Dr. Kiran Boggavarapu, assistant professor of chemistry, and Dr. Anil K. Kandalam, assistant professor of physics, are part of a team that made this recent discovery that was published in the Angewandte Chemie International Edition, the international chemistry journal.
Boggavarapu and Kandalam collaborated with VCU professor Dr. Puru Jena and Dr. Kit Bowen of the Johns Hopkins University in the discovery of manganese based-magnetic superhalogens.
"The newly discovered MnxCl2x+1 clusters - where x = 1, 2, 3 and so on - are a special class of chemical species called magnetic superhalogens. These clusters mimic the chemistry of halogens, the most electronegative elements in the periodic table that include fluorine, chlorine, bromine, iodine and astatine. Even though conventional superhalogens have been known for well over 30 years, none of them were magnetic," said Boggavarapu. The word halogen means "salt-former," and when one of the elements above combines with sodium, it can form a salt.
"Superhalogens are like halogens in the sense they form negative ions, but their affinity to attract electrons is far greater than those of any halogen atoms," said Boggavarapu. "Negative ions are useful as oxidizing agents, for purification of air and in serotonin release for uplifting moods."
"The fact that manganese exists in several oxidation states made it an ideal element to form complexes that carry huge magnetic moments. The way to create magnetic superhalogens is to attach halogens, like chlorine, around the manganese atom. This recipe can further be applied to species containing multiple manganese atoms surrounded by appropriate electronegative elements or groups," Kandalam explained.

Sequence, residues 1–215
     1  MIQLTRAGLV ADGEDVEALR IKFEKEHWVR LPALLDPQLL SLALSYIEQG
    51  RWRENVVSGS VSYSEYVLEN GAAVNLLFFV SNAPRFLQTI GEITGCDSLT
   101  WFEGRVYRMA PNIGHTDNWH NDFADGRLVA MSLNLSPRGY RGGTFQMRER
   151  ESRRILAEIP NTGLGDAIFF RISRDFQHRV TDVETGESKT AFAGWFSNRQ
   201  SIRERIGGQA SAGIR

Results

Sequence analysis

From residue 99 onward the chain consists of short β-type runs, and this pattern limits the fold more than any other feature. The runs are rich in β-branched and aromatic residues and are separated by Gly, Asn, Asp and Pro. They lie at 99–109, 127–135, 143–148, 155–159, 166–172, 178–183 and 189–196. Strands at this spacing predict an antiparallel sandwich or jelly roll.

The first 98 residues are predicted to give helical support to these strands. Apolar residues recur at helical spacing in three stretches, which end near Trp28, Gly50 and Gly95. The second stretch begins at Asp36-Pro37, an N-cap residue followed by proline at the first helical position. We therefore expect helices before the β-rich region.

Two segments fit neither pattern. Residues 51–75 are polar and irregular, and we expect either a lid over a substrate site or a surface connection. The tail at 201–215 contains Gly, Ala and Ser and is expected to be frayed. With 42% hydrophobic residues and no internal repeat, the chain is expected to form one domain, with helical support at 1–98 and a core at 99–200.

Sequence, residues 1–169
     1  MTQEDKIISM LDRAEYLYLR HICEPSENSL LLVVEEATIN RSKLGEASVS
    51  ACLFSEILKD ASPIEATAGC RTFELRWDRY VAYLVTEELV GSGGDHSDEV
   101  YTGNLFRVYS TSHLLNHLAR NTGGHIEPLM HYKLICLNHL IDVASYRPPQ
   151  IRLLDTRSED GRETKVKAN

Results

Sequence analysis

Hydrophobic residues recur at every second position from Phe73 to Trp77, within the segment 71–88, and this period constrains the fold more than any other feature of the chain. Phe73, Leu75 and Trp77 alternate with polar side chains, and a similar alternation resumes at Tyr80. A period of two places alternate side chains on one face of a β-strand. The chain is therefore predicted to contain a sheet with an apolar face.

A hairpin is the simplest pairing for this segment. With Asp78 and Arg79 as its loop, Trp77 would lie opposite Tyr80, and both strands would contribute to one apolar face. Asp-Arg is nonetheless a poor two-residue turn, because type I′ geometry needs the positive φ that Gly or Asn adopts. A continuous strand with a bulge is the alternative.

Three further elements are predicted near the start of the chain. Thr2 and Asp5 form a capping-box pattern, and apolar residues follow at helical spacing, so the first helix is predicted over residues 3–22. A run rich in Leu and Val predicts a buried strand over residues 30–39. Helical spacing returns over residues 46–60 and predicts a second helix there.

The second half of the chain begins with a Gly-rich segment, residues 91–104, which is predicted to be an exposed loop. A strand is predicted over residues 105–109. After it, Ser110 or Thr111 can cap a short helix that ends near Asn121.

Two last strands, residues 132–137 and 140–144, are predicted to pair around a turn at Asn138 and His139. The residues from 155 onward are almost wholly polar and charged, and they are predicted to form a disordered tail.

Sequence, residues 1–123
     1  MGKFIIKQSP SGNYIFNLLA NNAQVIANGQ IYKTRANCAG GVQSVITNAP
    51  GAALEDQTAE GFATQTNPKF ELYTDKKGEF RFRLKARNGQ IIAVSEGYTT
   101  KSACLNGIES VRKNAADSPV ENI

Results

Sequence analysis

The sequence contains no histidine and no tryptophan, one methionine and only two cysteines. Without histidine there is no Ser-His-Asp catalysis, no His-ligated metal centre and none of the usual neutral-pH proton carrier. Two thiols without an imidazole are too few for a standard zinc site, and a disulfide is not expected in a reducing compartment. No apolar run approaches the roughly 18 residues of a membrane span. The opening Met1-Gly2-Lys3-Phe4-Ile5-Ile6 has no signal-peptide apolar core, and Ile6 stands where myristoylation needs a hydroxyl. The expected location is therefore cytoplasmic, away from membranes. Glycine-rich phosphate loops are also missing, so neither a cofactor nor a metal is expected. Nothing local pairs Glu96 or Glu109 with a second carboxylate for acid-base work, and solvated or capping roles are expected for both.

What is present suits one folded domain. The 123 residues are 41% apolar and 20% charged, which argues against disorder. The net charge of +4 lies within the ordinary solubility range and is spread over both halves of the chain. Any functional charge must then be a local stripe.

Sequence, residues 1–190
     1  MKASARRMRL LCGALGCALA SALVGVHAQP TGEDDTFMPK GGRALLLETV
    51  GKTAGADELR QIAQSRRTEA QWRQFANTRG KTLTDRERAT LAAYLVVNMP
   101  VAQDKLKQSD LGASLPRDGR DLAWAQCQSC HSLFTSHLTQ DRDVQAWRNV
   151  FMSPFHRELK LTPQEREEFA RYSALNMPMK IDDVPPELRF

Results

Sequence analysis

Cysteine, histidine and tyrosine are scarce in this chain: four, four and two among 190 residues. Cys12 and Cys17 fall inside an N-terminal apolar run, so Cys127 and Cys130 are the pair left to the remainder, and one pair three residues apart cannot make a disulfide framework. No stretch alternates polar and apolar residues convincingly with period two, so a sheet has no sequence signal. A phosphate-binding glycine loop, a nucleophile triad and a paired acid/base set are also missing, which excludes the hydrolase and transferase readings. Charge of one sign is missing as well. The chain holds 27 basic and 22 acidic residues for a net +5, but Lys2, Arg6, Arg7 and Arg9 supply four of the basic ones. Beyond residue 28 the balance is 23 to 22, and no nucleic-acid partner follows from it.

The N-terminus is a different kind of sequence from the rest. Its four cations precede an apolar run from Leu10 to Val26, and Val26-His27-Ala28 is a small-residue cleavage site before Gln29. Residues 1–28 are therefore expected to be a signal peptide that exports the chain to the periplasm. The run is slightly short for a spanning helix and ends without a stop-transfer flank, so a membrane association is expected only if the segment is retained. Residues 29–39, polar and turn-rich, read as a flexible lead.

"These superhalogens exist as negative ions, called superhalides. Yet again, unlike traditional superhalides, these magnetic clusters are magic," he added.
According to Kandalam, magic clusters are the clusters that exhibit extraordinary stability and can potentially be building blocks for novel materials. "Thus, based on this discovery, one can now design and synthesize yet unknown, stable, superhalogen-based magnetic materials that could include a new class of salts.
Boggavarapu explained that the ability to manipulate properties of materials at the nanoscale - one atom at a time - allows scientists to create smart materials for the future.
Last fall, Kandalam collaborated with Jena and researchers from the University of Konstanz in Germany to discover a new class of highly electronegative chemical species called hyperhalogens, which use superhalogens as building blocks around a metal atom. Kandalam said this new chemical species may have future application in many industries.